Offshore Corporation

by mark.shead on May 23, 2007

It is common to hear people talking about creating an offshore company in order to avoid paying taxes in the US. There can be some tax advantages to forming a company outside the US, but it doesn’t automatically make you exempt from US taxes.

US citizens are taxed on their income regardless of what country it comes from. So if you are a citizen of the United States and you earn money from Belize, you are still liable for paying taxes on the money you earn. There is an exemption of about $80,000 for people who live outside the US for the vast majority of a year or who have established bona fide residence in a foreign country.

The place where you can save money on taxes is on corporate tax. If your business is truly located outside of the US, it will not have to pay US corporate tax. This is good for your company, but it doesn’t help you much because once, you move any of the profit into your personal accounts, it becomes taxable income.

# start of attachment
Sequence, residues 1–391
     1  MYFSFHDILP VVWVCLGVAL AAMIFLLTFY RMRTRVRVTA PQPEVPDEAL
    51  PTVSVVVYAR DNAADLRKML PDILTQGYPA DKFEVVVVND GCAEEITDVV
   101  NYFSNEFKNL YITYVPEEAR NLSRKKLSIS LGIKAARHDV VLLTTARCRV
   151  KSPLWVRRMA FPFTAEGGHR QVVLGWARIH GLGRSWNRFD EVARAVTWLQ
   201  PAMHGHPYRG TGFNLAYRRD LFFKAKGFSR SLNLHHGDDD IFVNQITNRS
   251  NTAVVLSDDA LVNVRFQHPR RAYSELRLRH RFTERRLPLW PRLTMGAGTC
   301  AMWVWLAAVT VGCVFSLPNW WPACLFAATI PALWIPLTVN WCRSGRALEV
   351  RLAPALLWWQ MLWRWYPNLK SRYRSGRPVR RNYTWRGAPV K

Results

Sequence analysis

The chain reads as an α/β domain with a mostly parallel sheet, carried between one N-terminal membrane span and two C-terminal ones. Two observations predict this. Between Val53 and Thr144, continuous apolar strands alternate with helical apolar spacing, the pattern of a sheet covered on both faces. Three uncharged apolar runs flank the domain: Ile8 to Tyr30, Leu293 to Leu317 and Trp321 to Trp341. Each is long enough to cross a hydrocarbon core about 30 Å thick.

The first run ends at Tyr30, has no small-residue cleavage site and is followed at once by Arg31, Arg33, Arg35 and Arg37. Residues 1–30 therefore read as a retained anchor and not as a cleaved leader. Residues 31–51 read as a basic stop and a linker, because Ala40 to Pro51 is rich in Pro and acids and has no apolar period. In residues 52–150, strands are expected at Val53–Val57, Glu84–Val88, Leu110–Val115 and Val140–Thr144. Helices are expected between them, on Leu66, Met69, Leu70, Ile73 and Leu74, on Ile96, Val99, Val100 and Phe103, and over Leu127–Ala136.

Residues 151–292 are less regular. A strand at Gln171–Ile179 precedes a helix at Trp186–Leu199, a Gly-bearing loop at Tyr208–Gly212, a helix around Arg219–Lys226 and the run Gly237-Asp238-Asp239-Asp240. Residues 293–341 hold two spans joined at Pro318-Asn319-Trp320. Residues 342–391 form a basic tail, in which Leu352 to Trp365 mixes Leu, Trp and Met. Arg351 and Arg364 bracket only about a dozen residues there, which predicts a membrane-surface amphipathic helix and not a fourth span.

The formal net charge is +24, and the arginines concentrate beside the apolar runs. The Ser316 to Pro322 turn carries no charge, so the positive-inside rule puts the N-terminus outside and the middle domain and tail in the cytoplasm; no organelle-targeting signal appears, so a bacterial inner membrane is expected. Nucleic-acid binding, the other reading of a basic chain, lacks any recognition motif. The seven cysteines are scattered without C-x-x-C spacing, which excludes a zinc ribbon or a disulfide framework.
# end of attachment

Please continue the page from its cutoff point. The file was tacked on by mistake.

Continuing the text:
Also keep in mind that many of the countries popular for offshore businesses, have their own tax for local businesses. Many times these taxes are waived for corporations that conduct no business locally. There are some countries that have no tax for local or foreign businesses. These countries could be attractive places to form a corporation to build assets to be distributed later. This type of arrangement might be beneficial if you plan to be in a lower tax bracket in the future than you are currently. However, since taxes generally go up, your total liability might be much higher ten years down the road.

If you are dealing with a small business and plan to spend a great deal of time overseas, you might be able to create the business, but only take a salary during the years where you will meet the requirements for the $80,000 exemption. If you and your spouse both take the $80,000 exemption, then you could move about $160,000 per year into your pocket without a tax liability in the US. However, the expense of meeting the requirements to be eligible for the $80,000 exemption may be greater than the taxes you would save.

For most organizations, going offshore has very little real benefit because the costs are greater than any tax savings. In addition it may make your company look suspicious to the IRS and increase the chances of an audit by the US government.

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